Join Information Highlighted

When clicking on the connector line the fields in the join will be highlighted and the actual join details will be displayed in popup text:

Index Information Highlighted

clicking on an index will highlight the field(s) in that index

Understanding the Diagram

The diagram has a specific layout. There are 3 types of join connectors:




If  we joined two tables on their primary key (this doesn't make much sense in this case):

    investment_type it,
    office_location ol
WHERE investment_type_id = office_location_id;

Then graphically these would be laid out side by side  with a one to one connector:



Here is an example of a query that consists of only many-to-one joins, which is much more typical:

    client_transaction ct,
    client c,
    investment_type it,
    investment i
    ct.client_id = c.client_id AND
    ct.investment_id = i.investment_id AND
    i.investment_type_id = it.investment_type_id and

Cartesian Join                                                                                                                                    

For example this query is missing join criteria on the table INVESTMENTS:


And graphically this looks like:

We can see that INVESTMENTS is highlighted in red with no connectors to indicate that it is joined in via a Cartesian join.
Suggestions possibile missing join condtions will be suggested in the Overview Tab

under  Generated cases under transformations:


If there is no unique index or unique constraint at either end of a join then we can only assume that in some or all cases the join is many-to-many (there is no constraints preventing a many to many). For example take this query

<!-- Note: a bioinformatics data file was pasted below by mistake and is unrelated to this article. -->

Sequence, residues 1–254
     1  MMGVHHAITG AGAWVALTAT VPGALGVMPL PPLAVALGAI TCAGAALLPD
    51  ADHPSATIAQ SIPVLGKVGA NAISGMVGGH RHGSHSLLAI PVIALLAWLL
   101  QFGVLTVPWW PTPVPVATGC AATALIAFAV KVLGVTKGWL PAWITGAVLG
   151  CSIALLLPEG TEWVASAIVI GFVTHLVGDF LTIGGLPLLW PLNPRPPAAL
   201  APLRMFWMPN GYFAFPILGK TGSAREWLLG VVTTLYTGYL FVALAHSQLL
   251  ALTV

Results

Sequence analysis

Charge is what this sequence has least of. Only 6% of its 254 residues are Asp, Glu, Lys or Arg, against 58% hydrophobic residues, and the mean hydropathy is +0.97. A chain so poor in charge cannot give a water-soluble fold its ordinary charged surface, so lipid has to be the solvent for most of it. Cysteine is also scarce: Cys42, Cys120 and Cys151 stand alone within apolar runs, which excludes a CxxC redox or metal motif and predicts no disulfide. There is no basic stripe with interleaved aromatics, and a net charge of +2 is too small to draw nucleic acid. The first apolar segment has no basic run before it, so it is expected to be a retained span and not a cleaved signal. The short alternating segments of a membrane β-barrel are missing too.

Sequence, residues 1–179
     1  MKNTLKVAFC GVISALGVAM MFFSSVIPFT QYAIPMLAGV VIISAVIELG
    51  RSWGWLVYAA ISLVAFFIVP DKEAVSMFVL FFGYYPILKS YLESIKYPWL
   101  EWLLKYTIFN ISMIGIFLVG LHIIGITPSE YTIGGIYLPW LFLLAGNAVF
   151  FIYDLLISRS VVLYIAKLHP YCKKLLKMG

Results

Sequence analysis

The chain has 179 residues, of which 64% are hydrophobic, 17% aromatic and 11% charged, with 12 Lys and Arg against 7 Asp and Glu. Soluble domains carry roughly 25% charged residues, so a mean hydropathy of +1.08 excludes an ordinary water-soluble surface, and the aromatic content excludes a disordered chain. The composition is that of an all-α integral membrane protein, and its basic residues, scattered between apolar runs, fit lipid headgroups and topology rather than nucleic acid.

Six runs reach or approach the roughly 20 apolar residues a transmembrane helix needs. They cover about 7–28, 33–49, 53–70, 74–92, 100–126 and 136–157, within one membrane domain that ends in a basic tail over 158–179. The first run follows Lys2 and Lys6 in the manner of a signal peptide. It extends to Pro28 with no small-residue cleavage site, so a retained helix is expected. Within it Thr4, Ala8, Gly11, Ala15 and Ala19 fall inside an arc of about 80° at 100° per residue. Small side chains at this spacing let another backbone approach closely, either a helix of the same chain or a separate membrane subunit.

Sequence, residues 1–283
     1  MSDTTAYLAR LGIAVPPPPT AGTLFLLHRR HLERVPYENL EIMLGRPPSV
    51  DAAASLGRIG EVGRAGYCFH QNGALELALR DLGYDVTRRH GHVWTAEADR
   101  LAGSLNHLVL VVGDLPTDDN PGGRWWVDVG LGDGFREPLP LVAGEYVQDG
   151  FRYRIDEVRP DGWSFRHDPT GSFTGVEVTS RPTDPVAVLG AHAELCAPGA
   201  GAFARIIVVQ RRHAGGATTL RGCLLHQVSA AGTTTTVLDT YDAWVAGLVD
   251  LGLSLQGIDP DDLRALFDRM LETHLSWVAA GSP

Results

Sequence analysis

select *
from client_transaction ct,
     client c
where ct.transaction_status=c.client_marital_status;

There is no unique index on either of the fields being joined so for all the optimizer knows this is a many to many join and is displayed graphically as:


Now if one of the fields is unique then the index should definitely be declared unique to help the optimizer

Implied Cartesian Join                                                                                                                                   

If there are different details for a master without other criteria then it creates a Cartesian type join:

select * from
investment i,
broker b,
client c
where b.manager_id=c.client_id and


The result set of  BROKER to CLIENT will be multiplied by the result set of INVESTMENT to CLIENT.

Index Analysis                                                                              

The layout of SQL Analysis shows  the SQL Text and SQL Diagram on the top and the indexes on the tables  below.
(green = used by optimizer, blue = not used but usable, orange = recommended to create, grey = not usable in the query as written)

Indexes on the table are listed below the fields and color coded

    Green=used in the query    
    Blue = usable but not used by optimizer in this case
    Orange = suggest to create
    Grey = exist on table but not usable in this query as it is written

Missing Index

    client_transaction ct,
    client c
    ct.transaction_status = c.client_marital_status AND
    c.client_first_name = 'Brad'

There is no index on CLIENT.CLIENT_FIRST_NAME and there are 5600 records in CLIENT, so DB Optimizer proposes creating and index:

The orange indicates that this is a missing index that we recommend to improve performance. Clicking on that index will give infomation on the rational to the right:

View Expansion                                                                                

If there are views in the Visual SQL Tuning diagram, the can be expanded by right clicking on the view header and choosing "expand view":